1) A GM takes narrative authority and hoards it without consulting the players or explaining their process. Your example is the opposite: the GM makes a judgment call, explains their thought process, checks with the players to make sure it makes sense to everyone, and establishes a precedent for consistency's sake.

    2) A game provides insufficient guidance to help the players and the GM make productive judgment calls. Lots of games call for personal judgment to deal with edge cases or weirdness; but many of them have explicit mechanics which the players can easily cross-apply to unexpected situations—roll a d20 and compare to a DC, roll a pool of d6 and compare to an obstacle, choose a move from a list of common situations and actions, etc. When I GM—and I'm pretty creative, but not nearly as good at improvising fun and effective solutions as you are—I find it annoying when I come upon an unfamiliar situation, I compare it to better-established and familiar mechanics, and I still don't feel any indication that what I'm doing makes sense in the game as I know it as opposed to being a random guess. So I'm forced to use what feels to me like GM fiat when I do it, and it makes me less confident in my GMing and understanding of the game.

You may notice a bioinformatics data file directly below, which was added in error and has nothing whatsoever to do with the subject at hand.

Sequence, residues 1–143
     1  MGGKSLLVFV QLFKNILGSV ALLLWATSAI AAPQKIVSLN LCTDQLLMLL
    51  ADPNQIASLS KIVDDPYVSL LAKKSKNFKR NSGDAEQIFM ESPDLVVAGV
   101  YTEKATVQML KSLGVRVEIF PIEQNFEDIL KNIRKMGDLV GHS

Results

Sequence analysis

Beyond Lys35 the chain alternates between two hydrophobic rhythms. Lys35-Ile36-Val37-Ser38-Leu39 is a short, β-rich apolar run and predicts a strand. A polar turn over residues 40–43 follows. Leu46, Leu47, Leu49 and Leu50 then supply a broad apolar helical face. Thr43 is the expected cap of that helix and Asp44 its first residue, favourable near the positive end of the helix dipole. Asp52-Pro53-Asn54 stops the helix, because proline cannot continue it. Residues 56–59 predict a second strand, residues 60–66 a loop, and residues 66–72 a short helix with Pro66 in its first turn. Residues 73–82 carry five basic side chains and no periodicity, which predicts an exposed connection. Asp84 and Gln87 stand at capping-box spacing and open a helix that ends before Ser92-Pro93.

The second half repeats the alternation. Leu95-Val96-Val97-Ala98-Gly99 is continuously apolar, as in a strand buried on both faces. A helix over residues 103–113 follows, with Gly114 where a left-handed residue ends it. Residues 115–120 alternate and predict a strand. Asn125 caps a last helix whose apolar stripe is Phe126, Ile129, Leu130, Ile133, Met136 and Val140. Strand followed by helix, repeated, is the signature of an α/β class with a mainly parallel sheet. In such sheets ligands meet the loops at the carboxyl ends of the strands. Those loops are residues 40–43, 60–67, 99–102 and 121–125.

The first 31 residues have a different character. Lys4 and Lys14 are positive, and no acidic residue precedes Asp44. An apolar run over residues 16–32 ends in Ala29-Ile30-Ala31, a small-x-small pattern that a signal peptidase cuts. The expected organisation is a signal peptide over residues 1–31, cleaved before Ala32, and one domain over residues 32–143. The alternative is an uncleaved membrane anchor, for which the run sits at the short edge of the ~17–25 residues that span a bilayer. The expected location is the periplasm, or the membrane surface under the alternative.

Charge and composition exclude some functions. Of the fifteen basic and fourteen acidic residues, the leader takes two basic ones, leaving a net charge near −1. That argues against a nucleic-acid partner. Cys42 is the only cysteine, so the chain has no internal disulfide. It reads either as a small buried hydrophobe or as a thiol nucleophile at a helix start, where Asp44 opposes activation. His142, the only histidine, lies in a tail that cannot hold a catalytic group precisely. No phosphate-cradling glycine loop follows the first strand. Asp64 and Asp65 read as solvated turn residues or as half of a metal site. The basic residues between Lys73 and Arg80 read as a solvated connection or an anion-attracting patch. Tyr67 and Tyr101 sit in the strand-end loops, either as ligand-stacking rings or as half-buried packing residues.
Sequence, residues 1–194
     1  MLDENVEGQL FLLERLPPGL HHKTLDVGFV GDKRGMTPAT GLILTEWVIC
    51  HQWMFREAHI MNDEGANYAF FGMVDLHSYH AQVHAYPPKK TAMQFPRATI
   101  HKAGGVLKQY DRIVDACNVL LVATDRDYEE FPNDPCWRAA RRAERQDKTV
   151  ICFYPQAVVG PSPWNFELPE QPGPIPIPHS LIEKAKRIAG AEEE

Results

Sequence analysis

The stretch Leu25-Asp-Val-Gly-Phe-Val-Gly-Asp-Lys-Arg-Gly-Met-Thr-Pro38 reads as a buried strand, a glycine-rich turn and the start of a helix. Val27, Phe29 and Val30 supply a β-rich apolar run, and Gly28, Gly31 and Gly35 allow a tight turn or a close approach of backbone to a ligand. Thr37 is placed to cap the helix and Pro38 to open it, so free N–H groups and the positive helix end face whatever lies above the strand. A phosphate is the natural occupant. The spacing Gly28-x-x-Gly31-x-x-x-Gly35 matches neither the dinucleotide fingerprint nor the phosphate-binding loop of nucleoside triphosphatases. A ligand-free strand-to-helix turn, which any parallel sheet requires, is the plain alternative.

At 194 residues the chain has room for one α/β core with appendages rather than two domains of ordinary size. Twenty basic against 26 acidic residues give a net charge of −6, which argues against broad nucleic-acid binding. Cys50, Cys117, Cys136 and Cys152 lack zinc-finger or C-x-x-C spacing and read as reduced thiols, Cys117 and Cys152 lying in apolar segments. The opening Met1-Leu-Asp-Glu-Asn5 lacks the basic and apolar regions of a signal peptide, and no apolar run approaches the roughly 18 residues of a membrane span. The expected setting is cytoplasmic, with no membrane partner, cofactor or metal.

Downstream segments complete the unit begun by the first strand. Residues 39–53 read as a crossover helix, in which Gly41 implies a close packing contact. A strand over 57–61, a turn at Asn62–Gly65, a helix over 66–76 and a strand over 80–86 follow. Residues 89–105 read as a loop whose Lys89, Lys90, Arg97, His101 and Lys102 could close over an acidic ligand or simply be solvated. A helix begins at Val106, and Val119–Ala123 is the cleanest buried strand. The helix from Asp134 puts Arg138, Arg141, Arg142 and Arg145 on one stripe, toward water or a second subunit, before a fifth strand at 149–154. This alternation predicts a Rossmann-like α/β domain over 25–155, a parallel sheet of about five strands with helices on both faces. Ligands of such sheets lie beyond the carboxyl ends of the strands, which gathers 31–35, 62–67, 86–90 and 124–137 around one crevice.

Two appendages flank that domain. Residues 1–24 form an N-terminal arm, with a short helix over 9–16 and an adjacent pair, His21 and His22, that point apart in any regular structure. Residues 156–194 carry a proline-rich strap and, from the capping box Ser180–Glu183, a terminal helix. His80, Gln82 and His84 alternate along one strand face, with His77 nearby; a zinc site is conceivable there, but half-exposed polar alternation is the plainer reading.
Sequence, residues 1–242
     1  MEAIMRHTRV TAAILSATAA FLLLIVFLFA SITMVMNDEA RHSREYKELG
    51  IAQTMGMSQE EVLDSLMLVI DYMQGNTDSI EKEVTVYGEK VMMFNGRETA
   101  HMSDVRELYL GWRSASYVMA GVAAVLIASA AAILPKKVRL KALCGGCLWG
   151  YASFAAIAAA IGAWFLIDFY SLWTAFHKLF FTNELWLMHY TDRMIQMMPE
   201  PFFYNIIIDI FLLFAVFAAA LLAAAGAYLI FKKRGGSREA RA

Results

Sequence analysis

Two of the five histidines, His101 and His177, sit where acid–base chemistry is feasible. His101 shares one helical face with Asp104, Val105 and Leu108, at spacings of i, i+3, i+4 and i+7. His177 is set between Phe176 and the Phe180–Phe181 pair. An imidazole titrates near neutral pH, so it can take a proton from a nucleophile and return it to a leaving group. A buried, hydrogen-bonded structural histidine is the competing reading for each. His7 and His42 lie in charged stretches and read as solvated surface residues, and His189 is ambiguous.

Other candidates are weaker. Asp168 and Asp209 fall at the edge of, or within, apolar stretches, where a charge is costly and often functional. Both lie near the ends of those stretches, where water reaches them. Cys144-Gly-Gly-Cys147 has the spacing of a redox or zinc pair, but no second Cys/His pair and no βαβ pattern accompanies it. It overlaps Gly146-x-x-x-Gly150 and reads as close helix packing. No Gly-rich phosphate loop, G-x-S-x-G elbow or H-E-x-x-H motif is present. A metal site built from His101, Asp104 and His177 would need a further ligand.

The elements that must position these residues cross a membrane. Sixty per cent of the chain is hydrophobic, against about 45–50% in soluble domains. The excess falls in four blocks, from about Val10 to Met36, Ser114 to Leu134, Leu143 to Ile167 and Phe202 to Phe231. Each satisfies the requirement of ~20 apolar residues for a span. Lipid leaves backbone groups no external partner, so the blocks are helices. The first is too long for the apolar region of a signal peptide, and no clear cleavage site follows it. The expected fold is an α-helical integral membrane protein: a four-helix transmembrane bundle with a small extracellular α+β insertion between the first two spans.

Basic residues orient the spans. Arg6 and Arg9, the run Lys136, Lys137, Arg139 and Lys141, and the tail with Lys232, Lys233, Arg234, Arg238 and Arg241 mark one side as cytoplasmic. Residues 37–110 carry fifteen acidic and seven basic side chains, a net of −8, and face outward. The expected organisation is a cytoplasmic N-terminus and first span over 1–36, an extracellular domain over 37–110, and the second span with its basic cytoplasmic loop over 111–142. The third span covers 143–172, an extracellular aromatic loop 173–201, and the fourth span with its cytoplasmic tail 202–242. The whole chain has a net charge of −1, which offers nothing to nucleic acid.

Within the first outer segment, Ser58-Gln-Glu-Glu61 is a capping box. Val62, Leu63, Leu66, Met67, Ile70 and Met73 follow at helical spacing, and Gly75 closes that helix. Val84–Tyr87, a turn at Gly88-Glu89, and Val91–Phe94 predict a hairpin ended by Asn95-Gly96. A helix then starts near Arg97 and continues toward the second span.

9. If an action is not specifically covered by some kind of game mechanic, I generally call for a check of the relevant ability score, assuming a check is needed. I decide whether or not a check is needed by contemplating whether or not a reasonably normal dude could perform the action in question under present conditions.

    Hopping over an overturned table, no check. Hopping over an overturned table in combat, dex check please.

    Sometimes an attack roll would be needed, if the action to be attempted is reasonably similar to an attack.

    Also, if your DM is being a dickhole, walk out of his game.

  10. At the end of the day, the practical question is: "Do I want to play with a GM I don't trust to run an entertaining game?" For me, the answer is "No, I don't want to do that."